## What is Electrical Resistance?

Resistance (also known as ohmic resistance or electrical resistance) is a measure of the opposition to current flow in an electrical circuit. Resistance is measured in ohms, symbolized by the Greek letter omega (Ω).

The larger resistance, the greater the barrier against the flow of current.

When the potential difference is applied to a conductor, the current starts flowing, or the free electrons start moving. While moving, the free electrons collide with the atoms and molecules of the conductor.

Due to collision or obstruction, the rate of flow of electrons or electric current is restricted. Hence, we can say that there is some opposition to the flow of electrons or current. Thus, this opposition offered by a substance to the flow of electric current is called resistance.

The resistance of conducting material is found to be—

- directly proportional to the length of the material
- inversely proportional to the cross-sectional area of the material
- depends on the nature of the material
- It depends on the temperature

Mathematically, the resistance of a conducting material can be expressed as,

Where R = resistance of the conductor

= length of the conductor

a = cross-sectional area of the conductor

= constant of proportionality of the material known as specific resistance or resistivity of the material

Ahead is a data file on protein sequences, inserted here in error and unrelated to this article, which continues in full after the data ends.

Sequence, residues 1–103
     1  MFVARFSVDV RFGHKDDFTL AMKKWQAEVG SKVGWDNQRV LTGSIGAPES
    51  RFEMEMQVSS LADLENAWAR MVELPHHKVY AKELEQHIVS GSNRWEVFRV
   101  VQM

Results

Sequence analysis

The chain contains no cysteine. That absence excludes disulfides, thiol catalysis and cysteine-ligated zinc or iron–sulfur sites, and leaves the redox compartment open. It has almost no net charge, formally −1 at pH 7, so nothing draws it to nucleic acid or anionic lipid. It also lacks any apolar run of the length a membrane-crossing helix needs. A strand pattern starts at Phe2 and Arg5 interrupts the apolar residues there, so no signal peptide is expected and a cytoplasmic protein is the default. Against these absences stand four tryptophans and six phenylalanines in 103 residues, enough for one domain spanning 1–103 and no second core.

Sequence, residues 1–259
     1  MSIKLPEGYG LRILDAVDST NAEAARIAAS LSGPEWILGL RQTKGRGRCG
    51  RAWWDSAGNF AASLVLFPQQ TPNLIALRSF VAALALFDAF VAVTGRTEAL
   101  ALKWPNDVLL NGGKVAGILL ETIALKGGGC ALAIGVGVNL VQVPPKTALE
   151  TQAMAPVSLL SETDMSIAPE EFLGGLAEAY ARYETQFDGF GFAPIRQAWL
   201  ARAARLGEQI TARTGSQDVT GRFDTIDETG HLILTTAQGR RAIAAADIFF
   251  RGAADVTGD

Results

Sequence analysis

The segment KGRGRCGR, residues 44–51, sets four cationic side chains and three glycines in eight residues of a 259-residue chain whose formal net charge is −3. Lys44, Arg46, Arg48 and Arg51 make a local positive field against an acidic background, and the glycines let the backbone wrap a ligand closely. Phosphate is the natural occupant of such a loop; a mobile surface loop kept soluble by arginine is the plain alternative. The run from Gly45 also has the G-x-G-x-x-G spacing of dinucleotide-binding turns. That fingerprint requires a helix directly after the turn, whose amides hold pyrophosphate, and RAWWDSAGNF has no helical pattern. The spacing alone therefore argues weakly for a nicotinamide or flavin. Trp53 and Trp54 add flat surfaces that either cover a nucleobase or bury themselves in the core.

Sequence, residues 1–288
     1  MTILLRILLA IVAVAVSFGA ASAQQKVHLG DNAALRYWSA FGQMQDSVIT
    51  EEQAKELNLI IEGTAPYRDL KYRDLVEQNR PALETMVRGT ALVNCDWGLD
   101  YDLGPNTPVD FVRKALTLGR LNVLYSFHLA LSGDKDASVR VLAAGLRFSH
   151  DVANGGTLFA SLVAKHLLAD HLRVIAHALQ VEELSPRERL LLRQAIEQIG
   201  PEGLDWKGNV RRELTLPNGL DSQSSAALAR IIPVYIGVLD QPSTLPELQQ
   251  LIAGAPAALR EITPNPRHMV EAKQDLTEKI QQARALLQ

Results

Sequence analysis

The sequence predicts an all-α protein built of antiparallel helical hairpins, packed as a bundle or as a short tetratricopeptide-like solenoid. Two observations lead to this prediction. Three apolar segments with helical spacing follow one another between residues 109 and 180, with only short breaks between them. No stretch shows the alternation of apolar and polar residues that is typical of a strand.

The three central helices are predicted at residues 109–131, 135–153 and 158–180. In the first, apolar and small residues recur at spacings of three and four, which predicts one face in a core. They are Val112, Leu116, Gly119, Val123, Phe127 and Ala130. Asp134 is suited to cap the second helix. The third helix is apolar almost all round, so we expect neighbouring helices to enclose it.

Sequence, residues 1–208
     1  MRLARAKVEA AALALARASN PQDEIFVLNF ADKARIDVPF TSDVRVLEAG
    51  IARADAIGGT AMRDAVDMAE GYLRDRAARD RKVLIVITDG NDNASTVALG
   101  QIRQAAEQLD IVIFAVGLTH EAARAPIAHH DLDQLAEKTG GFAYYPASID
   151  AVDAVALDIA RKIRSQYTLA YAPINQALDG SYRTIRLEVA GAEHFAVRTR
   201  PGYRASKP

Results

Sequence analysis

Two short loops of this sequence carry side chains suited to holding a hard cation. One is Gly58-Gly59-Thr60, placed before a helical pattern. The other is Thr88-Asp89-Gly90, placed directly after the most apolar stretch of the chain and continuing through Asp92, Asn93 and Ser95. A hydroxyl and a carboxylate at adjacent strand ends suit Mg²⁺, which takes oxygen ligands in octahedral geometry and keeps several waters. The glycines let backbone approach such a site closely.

### Definition of 1 Ohm Resistance

If a potential of 1 volt is applied across two leads of a conductor and if a current of 1 ampere flows through it, the resistance of that conductor is said to be one ohm.

## What is Electrical Resistance Measured in (Units)?

The electrical resistance is measured in (the SI unit for a resistor) ohm, and Ω represents it. The unit ohm (Ω) is named honor of the great German physicist and mathematician Georg Simon Ohm.

In the SI system, an ohm is equal to 1 volt per ampere. Thus,

Therefore, the resistance is also measured in volt per ampere.

Resistors are manufactured and specified over a wide range of values. The unit ohm is normally used for moderate resistance values, but huge and small resistances values can be expressed in milliohm, kiloohm, megaohm, etc.

Hence, the derived units of resistors are made according to their values, as shown in the table below.

Unit Name | Abbreviation | Values in Ohm |

Milli Ohm | ||

Micro Ohm | ||